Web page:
The frequency of weather-related natural disasters coupled with the tragedy of multiple mass shootings in recent months are making hospital disaster preparedness more important than ever.

Preparing for Hurricane Florence

In addition to treating existing patients and preparing to receive sick and injured patients, hospitals often become a place of safe harbor and must accommodate sudden influxes of people―some of whom may not even be patients. Establishing order, keeping track of patients, and reporting patient numbers, status and location to authorities can be a monumental task, but advance planning and having the right operational systems in place will aid in maintaining organization in the mist of chaotic conditions.

Below is a list of planning recommendations, offered by TeleTracking patient flow experts Dr. Scott Newton, DNP, RN, MHA, EMT-P & Joy Avery, RN, MSN.

  1. Review your processes for obtaining the origin, status and medical history of patients admitted and transferred in the midst of an emergency or disaster setting. Make use of technologies available that will allow you to flag and track patients as they move to and from facilities. In times of disaster, patients may be evacuated or moved more than once, first to an area of refuge, then to a care setting, and perhaps again to a regional placement in cases of wide-spread disaster impact, such as a hurricane or flood. 

  2. Work in advance with other health systems to determine how many patients can be handled safely and establish mutual aid agreements. Integrate those agreements within your hospital disaster plans. The task of distributing patients across receiving facilities requires constant communication and coordination, and your operations system should be designed to flag disaster patients and track their movement. Agreements for personnel, supplies, equipment, transportation and other necessary items should also be integrated into your plan.

  3. Identify a back-up location and/or virtual operation for your hospital command center prior to a disaster event.

  4. Create a system to effectively track special needs and mental health patients. This system should include any patients that require additional equipment, medication, and/or family members to accompany them, or who may need to be separated from other patient populations.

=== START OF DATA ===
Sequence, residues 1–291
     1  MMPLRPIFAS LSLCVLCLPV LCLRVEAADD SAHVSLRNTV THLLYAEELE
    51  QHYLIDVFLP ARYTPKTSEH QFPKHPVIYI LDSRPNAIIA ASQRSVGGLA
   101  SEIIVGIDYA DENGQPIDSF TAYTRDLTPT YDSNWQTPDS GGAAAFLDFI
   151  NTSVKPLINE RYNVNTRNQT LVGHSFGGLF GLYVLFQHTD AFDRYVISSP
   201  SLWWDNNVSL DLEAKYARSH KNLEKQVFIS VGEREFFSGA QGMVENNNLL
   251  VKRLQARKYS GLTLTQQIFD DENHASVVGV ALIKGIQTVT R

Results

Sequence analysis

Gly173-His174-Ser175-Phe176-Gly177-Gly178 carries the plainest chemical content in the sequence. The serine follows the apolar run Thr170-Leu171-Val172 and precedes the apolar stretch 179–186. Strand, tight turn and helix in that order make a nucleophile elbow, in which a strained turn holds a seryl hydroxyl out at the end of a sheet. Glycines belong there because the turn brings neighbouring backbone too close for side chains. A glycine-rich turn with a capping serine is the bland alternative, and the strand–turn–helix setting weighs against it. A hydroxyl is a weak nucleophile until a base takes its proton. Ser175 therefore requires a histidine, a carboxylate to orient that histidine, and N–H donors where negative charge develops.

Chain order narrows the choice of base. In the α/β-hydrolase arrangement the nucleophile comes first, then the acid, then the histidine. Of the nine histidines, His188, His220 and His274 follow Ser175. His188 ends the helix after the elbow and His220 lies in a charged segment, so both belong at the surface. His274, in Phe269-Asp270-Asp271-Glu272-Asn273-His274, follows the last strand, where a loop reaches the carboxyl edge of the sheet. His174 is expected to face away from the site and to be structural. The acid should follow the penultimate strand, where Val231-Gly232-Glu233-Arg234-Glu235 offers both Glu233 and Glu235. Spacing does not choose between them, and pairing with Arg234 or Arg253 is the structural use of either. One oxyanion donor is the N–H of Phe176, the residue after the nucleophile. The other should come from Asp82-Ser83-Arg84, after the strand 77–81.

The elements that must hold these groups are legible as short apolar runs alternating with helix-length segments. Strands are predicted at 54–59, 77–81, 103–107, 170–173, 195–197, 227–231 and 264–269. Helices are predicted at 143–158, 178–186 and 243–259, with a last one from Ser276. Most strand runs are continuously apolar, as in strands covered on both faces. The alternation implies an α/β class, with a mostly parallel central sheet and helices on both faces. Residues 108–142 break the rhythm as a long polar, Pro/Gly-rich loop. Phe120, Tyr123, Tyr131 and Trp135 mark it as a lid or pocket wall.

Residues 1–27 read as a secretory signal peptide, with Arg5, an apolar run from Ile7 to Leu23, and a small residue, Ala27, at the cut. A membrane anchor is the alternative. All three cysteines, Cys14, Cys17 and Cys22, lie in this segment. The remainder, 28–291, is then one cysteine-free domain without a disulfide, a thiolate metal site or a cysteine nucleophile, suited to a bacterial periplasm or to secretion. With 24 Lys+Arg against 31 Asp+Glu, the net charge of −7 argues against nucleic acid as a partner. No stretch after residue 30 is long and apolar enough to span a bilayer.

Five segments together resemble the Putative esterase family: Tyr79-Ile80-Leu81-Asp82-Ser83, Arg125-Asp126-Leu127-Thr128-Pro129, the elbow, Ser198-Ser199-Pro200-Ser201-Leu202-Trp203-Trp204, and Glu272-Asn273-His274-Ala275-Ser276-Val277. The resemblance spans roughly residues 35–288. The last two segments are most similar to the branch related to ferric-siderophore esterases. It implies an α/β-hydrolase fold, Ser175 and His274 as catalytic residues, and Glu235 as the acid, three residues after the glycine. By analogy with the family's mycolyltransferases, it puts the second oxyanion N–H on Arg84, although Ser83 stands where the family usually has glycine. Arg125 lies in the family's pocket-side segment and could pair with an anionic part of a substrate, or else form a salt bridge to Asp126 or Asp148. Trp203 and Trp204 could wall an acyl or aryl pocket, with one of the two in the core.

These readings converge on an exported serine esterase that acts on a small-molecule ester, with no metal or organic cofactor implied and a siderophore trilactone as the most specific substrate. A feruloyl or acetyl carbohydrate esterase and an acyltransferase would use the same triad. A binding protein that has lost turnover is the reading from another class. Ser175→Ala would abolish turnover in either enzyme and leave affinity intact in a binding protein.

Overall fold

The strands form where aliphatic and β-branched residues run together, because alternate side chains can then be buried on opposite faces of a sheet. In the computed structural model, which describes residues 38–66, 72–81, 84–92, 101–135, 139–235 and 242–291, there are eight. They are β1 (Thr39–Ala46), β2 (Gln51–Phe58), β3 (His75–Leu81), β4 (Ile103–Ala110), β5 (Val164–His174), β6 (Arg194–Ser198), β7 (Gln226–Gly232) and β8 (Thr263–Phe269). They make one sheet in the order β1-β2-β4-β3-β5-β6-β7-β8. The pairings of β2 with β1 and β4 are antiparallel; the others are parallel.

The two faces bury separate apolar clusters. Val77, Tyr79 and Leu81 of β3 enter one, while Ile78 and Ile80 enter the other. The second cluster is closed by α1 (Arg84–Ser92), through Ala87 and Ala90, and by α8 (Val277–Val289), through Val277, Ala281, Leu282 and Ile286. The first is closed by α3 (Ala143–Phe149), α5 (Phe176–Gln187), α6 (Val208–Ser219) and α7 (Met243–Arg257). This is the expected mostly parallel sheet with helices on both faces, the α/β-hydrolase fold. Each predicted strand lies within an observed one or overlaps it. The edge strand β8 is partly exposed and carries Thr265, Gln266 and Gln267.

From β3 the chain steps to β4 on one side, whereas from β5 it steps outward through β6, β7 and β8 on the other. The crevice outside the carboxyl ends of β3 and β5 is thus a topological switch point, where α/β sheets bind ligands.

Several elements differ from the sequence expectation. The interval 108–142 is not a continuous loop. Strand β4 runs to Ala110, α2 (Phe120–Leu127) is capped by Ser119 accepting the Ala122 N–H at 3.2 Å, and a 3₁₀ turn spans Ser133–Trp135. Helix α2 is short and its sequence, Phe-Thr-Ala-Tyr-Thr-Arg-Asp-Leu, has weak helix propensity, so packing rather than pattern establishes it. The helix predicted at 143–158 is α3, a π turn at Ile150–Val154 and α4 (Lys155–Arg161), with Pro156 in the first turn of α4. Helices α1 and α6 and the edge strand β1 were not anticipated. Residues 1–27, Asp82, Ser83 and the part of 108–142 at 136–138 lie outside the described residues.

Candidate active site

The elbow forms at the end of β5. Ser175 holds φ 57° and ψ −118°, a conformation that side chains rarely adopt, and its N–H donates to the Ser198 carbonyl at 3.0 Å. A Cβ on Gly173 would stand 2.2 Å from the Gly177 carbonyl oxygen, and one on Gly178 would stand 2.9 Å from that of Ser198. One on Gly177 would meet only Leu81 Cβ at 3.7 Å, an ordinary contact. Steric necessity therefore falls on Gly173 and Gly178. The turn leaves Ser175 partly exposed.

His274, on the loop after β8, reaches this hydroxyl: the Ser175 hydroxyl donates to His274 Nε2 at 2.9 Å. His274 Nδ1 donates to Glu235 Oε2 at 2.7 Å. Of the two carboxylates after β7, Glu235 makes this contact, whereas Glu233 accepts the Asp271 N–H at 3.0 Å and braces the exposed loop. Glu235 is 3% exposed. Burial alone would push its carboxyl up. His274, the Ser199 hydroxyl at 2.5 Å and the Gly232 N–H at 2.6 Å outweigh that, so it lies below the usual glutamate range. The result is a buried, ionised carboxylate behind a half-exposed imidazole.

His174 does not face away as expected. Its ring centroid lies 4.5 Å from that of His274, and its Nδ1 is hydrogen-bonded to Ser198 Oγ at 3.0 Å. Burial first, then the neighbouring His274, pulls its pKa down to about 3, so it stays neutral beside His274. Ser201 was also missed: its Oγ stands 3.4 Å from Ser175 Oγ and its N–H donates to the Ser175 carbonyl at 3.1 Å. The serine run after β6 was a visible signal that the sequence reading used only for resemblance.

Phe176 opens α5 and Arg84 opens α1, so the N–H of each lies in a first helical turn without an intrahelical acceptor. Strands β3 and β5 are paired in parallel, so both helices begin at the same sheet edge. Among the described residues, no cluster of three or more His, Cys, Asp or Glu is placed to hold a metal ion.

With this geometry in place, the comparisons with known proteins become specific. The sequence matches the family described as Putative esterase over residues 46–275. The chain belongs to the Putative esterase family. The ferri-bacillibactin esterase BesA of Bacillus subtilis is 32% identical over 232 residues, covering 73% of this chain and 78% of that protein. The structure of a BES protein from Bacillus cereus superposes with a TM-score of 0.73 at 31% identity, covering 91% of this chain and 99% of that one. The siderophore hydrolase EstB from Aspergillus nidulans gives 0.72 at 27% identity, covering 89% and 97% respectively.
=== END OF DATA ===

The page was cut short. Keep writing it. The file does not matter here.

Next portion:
5. Prepare for the possibility of having enough beds but not enough staff. Out of state responders and/or reallocation of staff may be required to address this issue.

  6. Plan for power outages and regulatory requests and print hard copies of key information in advance. Examples of key information to include:
    • A bed map of all units showing available beds
    • Pending and Confirmed patient discharge lists to determine if there are patients whose discharge(s) can be expedited
    • Projected Census (by enterprise, facility, service line and unit)
    • Blocked Bed Report (including blocked reasons) as there may be an opportunity to un-block those rooms
    • Patient log of pending transfers coming from other facilities
  7. Appoint a Transfer Center clinician as an active, key member of your Health System Command Center Response Team. This increased presence and communication will help to provide real-time updates regarding patient flow activities during a disaster event.

Carilion Clinic preps for Hurricane Florence

TeleTracking clients are encouraged to call Technical Support at 1-877-570-6903 for assistance with general questions around how to adjust console configurations, portal view customizations, disaster attributes, etc.

​For more tips, refer to a previous blog posted earlier this year - Process over Chaos with Flu Season in Full Swing.

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About the Experts

Joy AveryJoy Avery, RN, MSN

Vice President, Clinical Strategy

Joy Avery began her nursing career in 1986 and has had the opportunity to deliver patient care in a wide range of roles over the years—from Director of Specialized Clinical Services responsible transfer centers, patient flow activities, bariatric services and nursing leadership programs, to Chief Flight Nurse and Trauma Program Manager.

As the Vice President of Clinical Strategy at TeleTracking, Joy uses her clinical expertise to facilitate rapid patient access solutions at health systems across the country. Having been involved in the implementation of 100 command centers, Joy can speak extensively about the power of a robust transfer/referral center and how when operations are centralized across an enterprise system, admission requests from other hospitals and local physicians can be coordinated.

Scott NewtonScott Newton, DNP, RN, EMT-P

Director, Product Management

Dr. Scott Newton has more than 30 years of experience in healthcare—working as an EMT, a nurse, an educator and a patient flow command center leader—he is also a trusted adviser and thought leader.

Scott has deep knowledge of the healthcare system and understands that success is tied to high reliability, just-in-time responses, and responsible solutions—that it’s about getting it right the first time for patients and clinicians.

A graduate of the Doctor of Nursing Practice program at Johns Hopkins School of Nursing, Scott built a Command Center as an output of his doctoral project and believes that as healthcare continues to evolve, patient flow will play an even more prominent role across the care continuum.

More information about this resource

, Patient Throughput, Hospital Command Center, Disaster Readiness, Patient Flow Experts
Media Type
Clinician, Executive, Administration, Operations, IT/IS

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